Page 12 of 12 FirstFirst ... 289101112
Results 1,101 to 1,190 of 1190
  1. #1101
    mtbr member
    Reputation:
    Join Date
    Oct 2012
    Posts
    495
    Funny you say that. I had the same experience at outerbike Moab a year ago. I couldnt get the evil i wanted, and spot had some plus mayhems sitting around so i took one out. It ended up blowing my mind and being my favorite bike of outerbike, by a long shot.

    I made a quick review video of it here on that day.




    For the past month I've been riding a 6 star mayhem exclusively and i will release a more in-depth video review soon.

    The mayhem and rollik are the best bikes ive ever ridden.

    Regarding qheel size, I prefer the plus tires in moab and arizona, and the 29ers in california and the PNW. The plus tires aren't quite as fast, but they're super fun, and they take the edge off the square edge rocks. For moab's bigger trails like ahab, pirtal, whole enchilada, etc. I would rather have the plus tires.

    Personally, the 27.5+ vs 29 feels almost identical to me size wise. Your wheelbase is the same, and the only difference is 1/3-1/2" closer to the ground. It wont change the reach feel. So, if a large 29er felt good, a large 27.5+ would feel good too.

  2. #1102
    mtbr member
    Reputation:
    Join Date
    Mar 2004
    Posts
    401
    Quote Originally Posted by miike View Post
    Hey guys. What is your opinion on sizing? I demo'ed a XL Mayhem at Outerbike because they didn't have a L and it felt surprisingly great. I am 6'1", 215lbs and have owned 3 Specialized size L and A Cannondale Habit and Trigger in Large and they always felt perfect sizing. I know that I am between sizes, but typically like the greater control that I get with being on the smaller side of that middle. But, with the steeper seat angle and finicky cockpit setup that I have been reading about here, I was wondering if Mayhem owners had some thoughts / opinions. I have been riding for 25+ years and fairly ride agressive.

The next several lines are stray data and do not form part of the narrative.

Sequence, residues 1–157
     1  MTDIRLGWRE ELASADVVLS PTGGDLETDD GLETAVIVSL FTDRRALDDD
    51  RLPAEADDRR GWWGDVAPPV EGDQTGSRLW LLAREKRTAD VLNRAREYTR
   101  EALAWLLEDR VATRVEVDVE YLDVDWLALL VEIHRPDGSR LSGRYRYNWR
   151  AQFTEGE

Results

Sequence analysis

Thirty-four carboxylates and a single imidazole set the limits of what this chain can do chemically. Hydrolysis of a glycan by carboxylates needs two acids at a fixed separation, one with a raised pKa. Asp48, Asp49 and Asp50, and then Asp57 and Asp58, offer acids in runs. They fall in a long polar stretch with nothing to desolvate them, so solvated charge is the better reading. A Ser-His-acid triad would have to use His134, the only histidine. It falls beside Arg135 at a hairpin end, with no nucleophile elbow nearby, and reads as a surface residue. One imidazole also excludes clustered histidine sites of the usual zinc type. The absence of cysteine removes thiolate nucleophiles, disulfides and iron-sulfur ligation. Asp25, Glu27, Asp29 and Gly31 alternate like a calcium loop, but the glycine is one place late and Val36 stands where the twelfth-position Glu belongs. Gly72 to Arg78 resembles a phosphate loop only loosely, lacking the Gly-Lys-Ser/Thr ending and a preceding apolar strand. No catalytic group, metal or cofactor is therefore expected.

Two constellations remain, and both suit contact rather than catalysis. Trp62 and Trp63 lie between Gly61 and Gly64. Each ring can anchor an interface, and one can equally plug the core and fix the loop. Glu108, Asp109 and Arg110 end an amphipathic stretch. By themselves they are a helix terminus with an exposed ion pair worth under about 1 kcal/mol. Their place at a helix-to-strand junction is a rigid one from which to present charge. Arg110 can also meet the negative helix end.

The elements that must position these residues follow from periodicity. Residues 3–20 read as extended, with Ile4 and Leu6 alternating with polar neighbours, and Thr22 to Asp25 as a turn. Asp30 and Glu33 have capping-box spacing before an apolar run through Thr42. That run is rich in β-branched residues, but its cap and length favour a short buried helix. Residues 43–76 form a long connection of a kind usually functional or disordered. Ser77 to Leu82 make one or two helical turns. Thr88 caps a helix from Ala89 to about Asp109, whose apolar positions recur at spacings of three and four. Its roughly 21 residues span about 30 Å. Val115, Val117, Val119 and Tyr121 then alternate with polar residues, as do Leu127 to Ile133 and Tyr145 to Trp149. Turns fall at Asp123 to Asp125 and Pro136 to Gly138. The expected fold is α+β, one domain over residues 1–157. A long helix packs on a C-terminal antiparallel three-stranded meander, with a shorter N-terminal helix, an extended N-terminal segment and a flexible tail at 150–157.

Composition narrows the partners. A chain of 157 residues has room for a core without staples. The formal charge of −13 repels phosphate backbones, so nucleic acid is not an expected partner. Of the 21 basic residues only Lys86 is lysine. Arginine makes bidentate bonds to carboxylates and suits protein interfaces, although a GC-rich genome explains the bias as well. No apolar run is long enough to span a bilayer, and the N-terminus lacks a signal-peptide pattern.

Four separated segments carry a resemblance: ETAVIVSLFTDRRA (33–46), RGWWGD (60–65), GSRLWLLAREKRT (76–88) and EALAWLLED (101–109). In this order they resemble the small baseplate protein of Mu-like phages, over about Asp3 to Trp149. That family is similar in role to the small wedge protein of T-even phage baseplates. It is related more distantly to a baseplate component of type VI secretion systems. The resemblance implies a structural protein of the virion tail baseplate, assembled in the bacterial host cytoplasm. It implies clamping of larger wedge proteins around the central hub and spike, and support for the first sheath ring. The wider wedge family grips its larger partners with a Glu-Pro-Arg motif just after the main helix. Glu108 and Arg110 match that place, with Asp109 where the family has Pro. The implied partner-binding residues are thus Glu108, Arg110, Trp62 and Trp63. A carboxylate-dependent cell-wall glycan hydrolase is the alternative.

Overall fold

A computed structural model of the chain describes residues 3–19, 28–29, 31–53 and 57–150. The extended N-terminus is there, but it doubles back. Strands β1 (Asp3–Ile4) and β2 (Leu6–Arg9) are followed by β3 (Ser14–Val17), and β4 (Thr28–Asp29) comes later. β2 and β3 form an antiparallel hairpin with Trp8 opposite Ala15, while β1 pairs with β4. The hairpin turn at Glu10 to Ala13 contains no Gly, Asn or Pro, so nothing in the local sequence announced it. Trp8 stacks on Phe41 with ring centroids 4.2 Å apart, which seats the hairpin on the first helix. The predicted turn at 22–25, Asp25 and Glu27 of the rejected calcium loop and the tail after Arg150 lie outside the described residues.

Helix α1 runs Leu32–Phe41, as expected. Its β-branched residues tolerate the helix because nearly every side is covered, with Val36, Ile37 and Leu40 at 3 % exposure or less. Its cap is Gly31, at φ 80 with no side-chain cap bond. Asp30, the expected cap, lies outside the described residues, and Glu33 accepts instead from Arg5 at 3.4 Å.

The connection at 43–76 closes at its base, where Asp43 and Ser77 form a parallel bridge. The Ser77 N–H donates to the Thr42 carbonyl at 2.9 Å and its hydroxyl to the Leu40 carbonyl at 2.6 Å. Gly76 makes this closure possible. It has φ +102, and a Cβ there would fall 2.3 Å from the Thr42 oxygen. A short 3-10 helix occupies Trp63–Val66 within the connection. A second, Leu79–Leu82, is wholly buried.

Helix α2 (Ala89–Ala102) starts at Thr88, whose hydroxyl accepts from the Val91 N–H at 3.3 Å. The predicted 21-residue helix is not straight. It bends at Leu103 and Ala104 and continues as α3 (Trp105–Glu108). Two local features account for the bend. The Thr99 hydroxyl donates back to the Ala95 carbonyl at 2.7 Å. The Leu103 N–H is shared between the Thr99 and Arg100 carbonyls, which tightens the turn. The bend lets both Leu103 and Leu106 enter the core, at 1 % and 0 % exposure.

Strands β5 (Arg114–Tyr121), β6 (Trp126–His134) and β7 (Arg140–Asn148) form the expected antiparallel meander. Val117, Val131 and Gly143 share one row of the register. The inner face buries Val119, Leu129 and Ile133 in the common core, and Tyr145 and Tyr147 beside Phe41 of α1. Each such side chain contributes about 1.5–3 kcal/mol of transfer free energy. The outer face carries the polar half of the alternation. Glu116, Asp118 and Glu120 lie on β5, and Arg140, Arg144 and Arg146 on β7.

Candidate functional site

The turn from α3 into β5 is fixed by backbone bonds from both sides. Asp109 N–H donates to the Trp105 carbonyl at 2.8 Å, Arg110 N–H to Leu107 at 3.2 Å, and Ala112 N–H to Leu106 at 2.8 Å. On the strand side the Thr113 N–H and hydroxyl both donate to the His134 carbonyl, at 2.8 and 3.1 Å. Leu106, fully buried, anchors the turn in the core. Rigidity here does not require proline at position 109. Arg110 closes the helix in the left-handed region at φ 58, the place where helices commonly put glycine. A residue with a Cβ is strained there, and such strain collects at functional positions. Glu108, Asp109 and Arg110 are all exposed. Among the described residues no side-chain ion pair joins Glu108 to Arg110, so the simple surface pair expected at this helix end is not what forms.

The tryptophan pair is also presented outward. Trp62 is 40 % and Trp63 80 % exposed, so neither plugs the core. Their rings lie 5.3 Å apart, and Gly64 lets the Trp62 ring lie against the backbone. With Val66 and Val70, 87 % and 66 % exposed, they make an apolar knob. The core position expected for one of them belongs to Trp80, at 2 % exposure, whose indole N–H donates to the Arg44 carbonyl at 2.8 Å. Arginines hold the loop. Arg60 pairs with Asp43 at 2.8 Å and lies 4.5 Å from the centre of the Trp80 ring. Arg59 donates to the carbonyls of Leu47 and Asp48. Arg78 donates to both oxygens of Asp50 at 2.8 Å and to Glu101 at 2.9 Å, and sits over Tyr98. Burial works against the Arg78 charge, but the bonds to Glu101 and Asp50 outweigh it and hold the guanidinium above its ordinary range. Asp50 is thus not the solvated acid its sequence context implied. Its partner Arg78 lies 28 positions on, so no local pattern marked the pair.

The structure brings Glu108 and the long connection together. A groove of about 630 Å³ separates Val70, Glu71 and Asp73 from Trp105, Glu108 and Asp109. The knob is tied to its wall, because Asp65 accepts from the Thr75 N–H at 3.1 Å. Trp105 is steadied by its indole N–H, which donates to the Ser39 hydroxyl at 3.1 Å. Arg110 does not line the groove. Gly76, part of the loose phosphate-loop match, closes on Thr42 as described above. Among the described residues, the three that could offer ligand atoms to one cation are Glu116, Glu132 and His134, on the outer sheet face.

Thanks!
    Iím 5í11Ē on a large Mayhem and it fits well. If I were your size Iíd probably opt for the XL. With the steep seat angle the Mayhem feels shorter than other bikes with a similar top tube length. Wouldnít hurt to drop Spot an email and ask their opinion. Iíve found them to be pretty responsive to questions.

  3. #1103
    mtbr member
    Reputation:
    Join Date
    Oct 2012
    Posts
    495
    Keep in mind that the steep seat angle really only affects how it feels when you're seated. When you're standing up, going downhill, you often notice the longer reach/wheelbase.

  4. #1104
    dmo
    dmo is offline
    mtbr member
    Reputation: dmo's Avatar
    Join Date
    Apr 2006
    Posts
    871
    Quote Originally Posted by sixstringsteve View Post
    Keep in mind that the steep seat angle really only affects how it feels when you're seated. When you're standing up, going downhill, you often notice the longer reach/wheelbase.
    I disagree.

    With a shorter stem and dropper posts I dont notice it. I'm 5'6" on a med Mayhem with a 40mm stem and 760mm bars. When i drop the seat I dont notice the reach. I can move my body around to shift my weight either forward or back. I recently got a Orbea Rallon, again in med, and use a 35mm stem due its reach being a touch longer than the mayhem. I dont have a problem with that bike either and it is a long bike. Ill take the added stability of the longer wb over the small disadvantage to manueverabilty.

    Sent from my SM-G955U using Tapatalk

  5. #1105
    FAT CHANCE!
    Reputation: roy harley's Avatar
    Join Date
    May 2004
    Posts
    616
    Quote Originally Posted by ripn View Post
    Iím 5í11Ē on a large Mayhem and it fits well. If I were your size Iíd probably opt for the XL. With the steep seat angle the Mayhem feels shorter than other bikes with a similar top tube length. Wouldnít hurt to drop Spot an email and ask their opinion. Iíve found them to be pretty responsive to questions.